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The surprising announcement last week of a “global co-operation agreement” between United Arab Shipping Co (USAC) and Hamburg Sud, so soon after the inking of the Ocean Three east-west trade alliance between the Dubai-based ocean carrier, China Shipping Container Lines and CMA CGM adds a new competitive ingredient into the mix of container liner shipping.
According to Alphaliner, the indirect entry of Hamburg Sud into the Asia-Europe and transpacific arenas later this year, via UASC’s involvement in Ocean Three, could add further pressure to freight rates on these routes, which now appear to be precariously looking into the abyss going into the traditionally soft fourth quarter.
Simply from its extra marketing presence in these trades, Hamburg Sud is unlikely to add traction to desperate attempts by the existing players to arrest the spot rate erosion that saw, for example, the Shanghai Containerized Freight Index for North Europe slump to $822 per teu last Friday – its lowest level this year, and from where reports are reaching The Loadstar of quotes now down to $650 per teu on the headhaul leg.
In fact, it just needs one extra player in the finely balanced Asia export market to ramp up the pressure, as has been proved by the monthly ad-hoc sailings to North Europe by Israeli carrier Zim in the lead up to the October Chinese Golden Week shutdown.
And while no extra slots will initially be afforded to UASC for Hamburg Sud, the ‘loose co-operation’ Ocean Three alliance is unlikely to have set its allocations set in stone, and will no doubt be flexible on slot-swapping as befits this type of deal.
The ambitious UASC – with its massive orderbook of 11 14,000teu and six 18,000teu vessels scheduled for delivery from the end of this year – has been the subject of much speculation concerning which alliance, if any, it might join.
Prior to the hastily created Ocean Three agreement, many analysts predicted that UASC would join up with the CKYHE alliance, together with China Shipping – with whom it was already co-operating – and complemented by China Shipping forging a Beijing-sponsored “close relationship” with compatriot Cosco.
At the same time, talks between UASC and north-south specialist Hamburg Sud are likely to have been under way for some time; especially after the collapsed in March 2013 of merger talks between Hamburg Sud and Hapag-Lloyd.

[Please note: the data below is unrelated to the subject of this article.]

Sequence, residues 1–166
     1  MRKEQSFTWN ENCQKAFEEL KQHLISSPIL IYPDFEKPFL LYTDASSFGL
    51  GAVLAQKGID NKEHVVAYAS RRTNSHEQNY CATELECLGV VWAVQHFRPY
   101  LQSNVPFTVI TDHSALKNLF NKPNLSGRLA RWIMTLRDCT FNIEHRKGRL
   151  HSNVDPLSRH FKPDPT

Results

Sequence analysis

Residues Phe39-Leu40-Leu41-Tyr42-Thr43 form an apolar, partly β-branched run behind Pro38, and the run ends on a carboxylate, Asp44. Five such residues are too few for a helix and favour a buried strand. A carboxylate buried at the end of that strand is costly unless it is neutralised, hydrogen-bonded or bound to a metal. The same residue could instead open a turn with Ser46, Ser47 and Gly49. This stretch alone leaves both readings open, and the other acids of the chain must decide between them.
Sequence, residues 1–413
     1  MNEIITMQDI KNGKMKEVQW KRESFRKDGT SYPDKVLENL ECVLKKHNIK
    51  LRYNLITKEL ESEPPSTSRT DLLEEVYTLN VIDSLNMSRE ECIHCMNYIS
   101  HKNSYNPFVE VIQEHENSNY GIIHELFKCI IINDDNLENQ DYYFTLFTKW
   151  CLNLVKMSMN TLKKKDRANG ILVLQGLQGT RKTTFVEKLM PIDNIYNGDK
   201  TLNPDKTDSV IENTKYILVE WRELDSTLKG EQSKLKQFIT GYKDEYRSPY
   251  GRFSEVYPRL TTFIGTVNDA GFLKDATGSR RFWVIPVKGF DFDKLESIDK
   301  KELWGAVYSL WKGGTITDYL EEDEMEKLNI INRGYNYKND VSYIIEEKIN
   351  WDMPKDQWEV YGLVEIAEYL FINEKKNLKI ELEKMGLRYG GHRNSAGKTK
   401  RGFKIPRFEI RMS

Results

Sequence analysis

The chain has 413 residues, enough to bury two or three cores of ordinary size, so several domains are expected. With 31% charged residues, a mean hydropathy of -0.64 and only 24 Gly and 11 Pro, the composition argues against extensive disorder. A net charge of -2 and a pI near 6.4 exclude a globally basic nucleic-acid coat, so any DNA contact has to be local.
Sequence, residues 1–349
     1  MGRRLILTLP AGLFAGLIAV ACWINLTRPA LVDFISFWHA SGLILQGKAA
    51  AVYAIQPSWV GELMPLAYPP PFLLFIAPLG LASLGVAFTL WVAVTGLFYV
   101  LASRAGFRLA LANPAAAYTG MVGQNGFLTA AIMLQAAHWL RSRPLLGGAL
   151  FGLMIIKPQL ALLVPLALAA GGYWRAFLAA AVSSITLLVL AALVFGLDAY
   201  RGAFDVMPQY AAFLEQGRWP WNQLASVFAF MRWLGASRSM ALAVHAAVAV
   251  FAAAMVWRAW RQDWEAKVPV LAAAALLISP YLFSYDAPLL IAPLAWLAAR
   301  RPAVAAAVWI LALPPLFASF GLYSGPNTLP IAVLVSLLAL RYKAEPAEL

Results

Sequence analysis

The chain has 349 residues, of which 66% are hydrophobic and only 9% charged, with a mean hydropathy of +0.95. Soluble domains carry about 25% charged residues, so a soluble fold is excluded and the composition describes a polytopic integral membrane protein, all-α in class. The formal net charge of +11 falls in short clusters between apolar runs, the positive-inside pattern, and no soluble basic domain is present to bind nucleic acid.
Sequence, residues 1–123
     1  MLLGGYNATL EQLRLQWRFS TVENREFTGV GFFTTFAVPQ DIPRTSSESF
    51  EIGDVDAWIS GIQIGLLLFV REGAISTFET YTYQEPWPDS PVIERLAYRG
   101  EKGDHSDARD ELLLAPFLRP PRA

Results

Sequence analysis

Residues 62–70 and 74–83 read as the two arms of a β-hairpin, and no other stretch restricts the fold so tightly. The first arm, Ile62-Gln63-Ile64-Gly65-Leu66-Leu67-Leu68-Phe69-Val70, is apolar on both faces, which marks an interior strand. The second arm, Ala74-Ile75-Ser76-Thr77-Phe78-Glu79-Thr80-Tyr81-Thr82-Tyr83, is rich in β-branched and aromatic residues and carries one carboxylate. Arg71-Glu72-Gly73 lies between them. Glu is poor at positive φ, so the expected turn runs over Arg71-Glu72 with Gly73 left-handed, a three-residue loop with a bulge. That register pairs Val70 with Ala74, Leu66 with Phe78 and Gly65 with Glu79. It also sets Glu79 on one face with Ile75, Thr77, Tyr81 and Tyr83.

All of which was motivated by the fact that if Hamburg Sud were to remain a significant player in the liner industry it needed a global network in a globalised world.
Thus, by signing its global co-operation agreement with UASC, Hamburg Sud – hitherto the only top-20 ocean carrier without a presence in the Asia-Europe and transpacific trades – has achieved its expansionist aspiration that fits neatly with its takeover of CCNI’s north-south container trades.
Moreover, UASC clearly has big ambitions for South America. In its press release last week its long-serving chief executive Jorn Hinge said: “This co-operation with Hamburg Sud enables access to the South American trades and illustrates our ambitious approach to enhance geographic coverage.”
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Comment on this article
Andy LaneOctober 01, 2014 at 4:54 am
I would suggest that UASC has created the Master Strategy for a presently small player with huge ambitions.
The deal with HS will neither add capacity to the East-West trades, nor likely change the total capacity which UASC will hold within O3. UASC having “1/3rd” of the O3 capacity might have been more than it felt that it could realistically fill, so this move will greatly assist them to achieve the slot utilisation levels needed to be profitable.
For UASC to enter new trades on its own steam would have likely meant that it would have deployed small ships with (at least initially) poor utilisation. Access to the HS network which is comprehensive in Latin America provides it with lower costs and less risks.
We should have seen this coming probably, but few did. When the UASC new build orders were placed, it was difficult to see how they would actually get the best out of these. Now they will have one of largest average-sized vessel fleets, lowest costs, and expanding globally to diversify its trade portfolio.
Hats off to UASC, making all the right moves.
Mike WackettOctober 02, 2014 at 6:59 am
Thanks for your input as always Andy.
Agree the co-op appears like a smart move by both parties.
A marriage made in heaven maybe, but they will have to ramp up their sales & marketing ‘boots on the ground’ (as Soren Skou put it last week ).